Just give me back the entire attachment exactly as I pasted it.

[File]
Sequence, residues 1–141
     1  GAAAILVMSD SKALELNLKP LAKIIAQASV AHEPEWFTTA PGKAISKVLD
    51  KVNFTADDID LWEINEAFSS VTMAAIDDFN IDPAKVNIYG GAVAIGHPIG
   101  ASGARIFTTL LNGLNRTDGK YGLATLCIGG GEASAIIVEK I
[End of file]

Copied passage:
Sequence, residues 1–141
     1  GAAAILVMSD SKALELNLKP LAKIIAQASV AHEPEWFTTA PGKAISKVLD
    51  KVNFTADDID LWEINEAFSS VTMAAIDDFN IDPAKVNIYG GAVAIGHPIG
   101  ASGARIFTTL LNGLNRTDGK YGLATLCIGG GEASAIIVEK I